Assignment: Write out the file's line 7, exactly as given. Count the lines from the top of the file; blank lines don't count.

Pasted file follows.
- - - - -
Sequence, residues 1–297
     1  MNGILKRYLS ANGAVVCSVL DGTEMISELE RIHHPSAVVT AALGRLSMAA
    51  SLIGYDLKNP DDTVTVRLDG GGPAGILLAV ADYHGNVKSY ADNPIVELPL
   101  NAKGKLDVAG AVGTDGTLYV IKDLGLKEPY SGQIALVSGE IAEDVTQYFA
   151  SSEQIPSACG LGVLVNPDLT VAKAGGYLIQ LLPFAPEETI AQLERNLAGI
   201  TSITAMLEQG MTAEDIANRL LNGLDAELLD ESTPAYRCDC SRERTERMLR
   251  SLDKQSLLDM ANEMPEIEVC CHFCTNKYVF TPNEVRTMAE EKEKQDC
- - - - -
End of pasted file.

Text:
   251  SLDKQSLLDM ANEMPEIEVC CHFCTNKYVF TPNEVRTMAE EKEKQDC